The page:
From any angle the vehicle looks both elegant and dynamic with its 17-inch alloys, LED daytime running lights and headlights, plus a package of aerodynamic and styling changes that help distinguish it from the orthodox saloon. These include an all-new active air flap grille which automatically closes when the engine cooling requirements are at their lowest so allowing air to pass more efficiently around the car. Other distinctive aspects are blue-tinted headlights and chrome enhancements with a metallic blue finish on the lower front air grille, the tiger-nose main grille and the side sills. There is ‘ECO plug-in’ badging on the front wings and the recharging port is positioned in the left front wing.

Step inside the stylish and beautifully-crafted cabin and it’s impossible not to be wowed by the level of technology that greets you. Creature comforts include the likes of faux leather seats with powered adjustment, an 8-inch colour touchscreen navigation system with reversing camera, front and rear parking sensors, a Harman Kardon 10-speaker sound system, a wireless smartphone charger, cruise control with speed limiter, dual zone air conditioning and plenty more besides, including all the connectivity facilities you could ever wish for.

Exclusive to the Optima PHEV is a series of menus that display data regarding the car’s EV range, nearby charging stations and energy usage based on driving style. There are also some innovative hybrid technologies to help the driver get the best possible mileage and a choice of Eco and Normal driving modes to achieve maximum efficiency or higher performance.

The Optima PHEV can be charged from empty in about three hours, but there are many ways of increasing battery charge levels on the move such as through regenerative braking. The car also boasts a clever Heating Ventilation Air Conditioning system which was first seen in the Kia Soul EV and allows only the driver’s side of the car to be cooled when the other seats are unoccupied.

We tested out the Optima PHEV on a combination of twisting country lanes and faster German motorways and it was up to any challenge put in its path.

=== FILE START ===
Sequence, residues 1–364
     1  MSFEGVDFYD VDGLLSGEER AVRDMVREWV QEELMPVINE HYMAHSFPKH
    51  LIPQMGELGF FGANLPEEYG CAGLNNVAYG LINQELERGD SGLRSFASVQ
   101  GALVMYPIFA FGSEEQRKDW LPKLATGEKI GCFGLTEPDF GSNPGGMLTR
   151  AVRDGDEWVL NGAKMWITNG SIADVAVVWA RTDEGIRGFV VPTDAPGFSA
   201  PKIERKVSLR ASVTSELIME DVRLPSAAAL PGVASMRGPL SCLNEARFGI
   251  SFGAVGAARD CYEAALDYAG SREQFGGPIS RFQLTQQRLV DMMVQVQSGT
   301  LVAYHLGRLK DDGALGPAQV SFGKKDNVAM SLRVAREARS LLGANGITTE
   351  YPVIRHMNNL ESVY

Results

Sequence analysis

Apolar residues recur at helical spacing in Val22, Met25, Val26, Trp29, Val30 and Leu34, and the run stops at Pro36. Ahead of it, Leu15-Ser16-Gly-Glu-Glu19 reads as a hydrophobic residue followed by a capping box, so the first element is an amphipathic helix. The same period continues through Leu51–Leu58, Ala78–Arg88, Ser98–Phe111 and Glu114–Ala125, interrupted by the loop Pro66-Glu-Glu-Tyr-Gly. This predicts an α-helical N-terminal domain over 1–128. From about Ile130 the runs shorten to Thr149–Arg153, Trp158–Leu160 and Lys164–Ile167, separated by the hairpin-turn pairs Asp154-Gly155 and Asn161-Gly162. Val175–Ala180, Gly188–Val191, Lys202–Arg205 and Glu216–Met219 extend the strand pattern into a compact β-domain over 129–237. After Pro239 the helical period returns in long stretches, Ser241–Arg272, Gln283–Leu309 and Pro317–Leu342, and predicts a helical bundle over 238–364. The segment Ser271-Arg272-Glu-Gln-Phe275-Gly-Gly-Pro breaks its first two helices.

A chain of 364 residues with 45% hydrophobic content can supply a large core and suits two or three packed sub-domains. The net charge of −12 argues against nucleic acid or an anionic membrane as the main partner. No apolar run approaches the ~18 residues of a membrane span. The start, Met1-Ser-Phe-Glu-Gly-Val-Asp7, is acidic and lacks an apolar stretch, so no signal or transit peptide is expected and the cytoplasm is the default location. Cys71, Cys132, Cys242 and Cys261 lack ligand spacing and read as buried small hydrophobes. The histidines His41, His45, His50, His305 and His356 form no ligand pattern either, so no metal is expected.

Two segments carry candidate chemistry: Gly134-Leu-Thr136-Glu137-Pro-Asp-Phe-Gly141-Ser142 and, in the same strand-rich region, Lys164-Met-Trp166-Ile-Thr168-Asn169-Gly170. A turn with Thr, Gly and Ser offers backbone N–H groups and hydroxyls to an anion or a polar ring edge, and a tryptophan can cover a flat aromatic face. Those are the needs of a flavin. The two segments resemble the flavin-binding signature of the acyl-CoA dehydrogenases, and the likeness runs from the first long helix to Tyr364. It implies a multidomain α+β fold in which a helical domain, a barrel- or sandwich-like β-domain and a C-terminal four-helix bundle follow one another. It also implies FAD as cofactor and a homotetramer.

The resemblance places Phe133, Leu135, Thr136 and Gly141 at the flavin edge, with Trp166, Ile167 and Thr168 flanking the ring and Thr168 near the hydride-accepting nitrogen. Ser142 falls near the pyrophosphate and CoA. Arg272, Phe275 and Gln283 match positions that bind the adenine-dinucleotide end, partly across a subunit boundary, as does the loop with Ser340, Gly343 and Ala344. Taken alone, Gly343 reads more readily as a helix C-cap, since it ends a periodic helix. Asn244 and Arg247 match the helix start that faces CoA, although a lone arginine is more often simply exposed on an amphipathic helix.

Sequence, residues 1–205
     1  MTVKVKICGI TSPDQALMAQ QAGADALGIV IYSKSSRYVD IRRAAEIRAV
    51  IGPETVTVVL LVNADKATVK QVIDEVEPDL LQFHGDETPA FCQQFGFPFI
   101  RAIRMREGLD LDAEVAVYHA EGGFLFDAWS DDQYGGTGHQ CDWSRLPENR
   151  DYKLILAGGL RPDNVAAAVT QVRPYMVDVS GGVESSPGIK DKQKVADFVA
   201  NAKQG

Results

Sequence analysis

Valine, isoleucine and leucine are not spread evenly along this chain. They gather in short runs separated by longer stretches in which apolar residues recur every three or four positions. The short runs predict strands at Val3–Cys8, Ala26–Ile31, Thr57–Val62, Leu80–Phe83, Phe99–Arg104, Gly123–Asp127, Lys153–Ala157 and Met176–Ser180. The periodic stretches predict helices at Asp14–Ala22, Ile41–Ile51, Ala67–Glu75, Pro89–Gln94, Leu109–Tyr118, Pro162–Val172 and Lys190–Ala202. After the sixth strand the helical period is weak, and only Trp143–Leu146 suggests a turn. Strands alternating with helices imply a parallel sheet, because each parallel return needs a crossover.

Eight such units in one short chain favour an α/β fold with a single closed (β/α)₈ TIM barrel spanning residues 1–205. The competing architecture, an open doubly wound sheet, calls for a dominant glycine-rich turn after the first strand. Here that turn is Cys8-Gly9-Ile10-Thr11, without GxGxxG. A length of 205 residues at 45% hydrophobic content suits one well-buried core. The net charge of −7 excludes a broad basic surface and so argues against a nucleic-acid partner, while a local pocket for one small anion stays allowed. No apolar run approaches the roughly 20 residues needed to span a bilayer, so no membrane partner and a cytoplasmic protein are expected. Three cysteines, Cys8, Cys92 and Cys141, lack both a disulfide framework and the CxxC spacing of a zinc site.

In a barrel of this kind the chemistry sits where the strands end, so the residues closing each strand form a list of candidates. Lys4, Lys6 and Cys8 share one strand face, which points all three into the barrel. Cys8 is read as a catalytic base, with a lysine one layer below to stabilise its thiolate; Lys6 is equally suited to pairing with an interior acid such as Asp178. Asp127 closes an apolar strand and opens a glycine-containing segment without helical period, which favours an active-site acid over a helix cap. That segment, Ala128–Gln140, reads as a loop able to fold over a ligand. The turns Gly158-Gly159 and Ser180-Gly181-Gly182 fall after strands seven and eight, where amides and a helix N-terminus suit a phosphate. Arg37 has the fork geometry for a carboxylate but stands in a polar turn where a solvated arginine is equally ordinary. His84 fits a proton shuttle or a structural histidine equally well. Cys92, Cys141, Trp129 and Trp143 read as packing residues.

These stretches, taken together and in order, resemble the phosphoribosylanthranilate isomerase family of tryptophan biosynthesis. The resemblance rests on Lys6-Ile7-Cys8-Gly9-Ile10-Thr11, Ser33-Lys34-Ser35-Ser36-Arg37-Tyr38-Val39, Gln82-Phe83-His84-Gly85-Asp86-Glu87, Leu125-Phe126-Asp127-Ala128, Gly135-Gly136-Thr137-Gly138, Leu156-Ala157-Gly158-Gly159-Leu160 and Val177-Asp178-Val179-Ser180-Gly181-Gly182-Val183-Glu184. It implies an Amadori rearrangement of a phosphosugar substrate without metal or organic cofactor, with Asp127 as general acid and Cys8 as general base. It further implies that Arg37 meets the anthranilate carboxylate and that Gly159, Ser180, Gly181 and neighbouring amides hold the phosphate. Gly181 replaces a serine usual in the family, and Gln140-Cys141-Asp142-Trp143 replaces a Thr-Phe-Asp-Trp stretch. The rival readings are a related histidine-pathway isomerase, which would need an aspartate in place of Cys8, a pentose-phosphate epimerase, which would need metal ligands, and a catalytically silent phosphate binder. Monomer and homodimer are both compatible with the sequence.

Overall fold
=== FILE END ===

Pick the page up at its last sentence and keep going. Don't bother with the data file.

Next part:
It can sprint from 0-60mph in 9.1 seconds, maxes out at 121mph and features the economy figures mentioned above. It can achieve up to 33 miles of pure electric driving and that’s at speeds up to 75mph.

The start-up is beautifully hushed and the car accelerates away in a smooth and efficient manner. In fact, one of the most impressive features of this model is how seamless the switch between electric-only and hybrid driving is. There is no vibration, loud engine acoustics or sudden surges in power – it’s all wonderfully refined.

The road-holding is grounded and the steering nice and precise. It would be fair to say that most of the time, the car handles like a ‘normal’ car and you wouldn’t even consider its PHEV characteristics.

Passenger comfort is first-rate and the car has a very premium feel to it with soft-touch materials and a wealth of classy techno treats to be explored.

Factor in the comprehensive list of safety specifications and the latest arrival to the ever-growing Optima line-up is a most welcome addition that will certainly tick all the right boxes when it comes to the business car market.

Test Drive

Kia Optima 1.7 CRDi ‘2’

Anyone who thinks the saloon market is controlled by the German marques alone should check out the latest Kia Optima as a very viable alternative.

For the car has just undergone a facelift and now boasts sharper styling, a more sophisticated cabin and advanced new safety features.

The sleekly-streamlined car with its coupe good looks is a firm favourite with business drivers who regularly clock up the motorway miles and first impressions are an indication to why the Optima is guaranteed to turn heads. It looks fabulous from any approach thanks to 18-inch alloys, tinted glass, a panoramic sunroof, body-coloured door handles and mirrors, plus sweeping light clusters.

The interior is loaded with premium quality features such as black leather upholstery, an eight-way powered driver’s seat with memory setting, heated front seats, a leather trimmed steering wheel, all round electric windows and a smart wood grain centre console trim.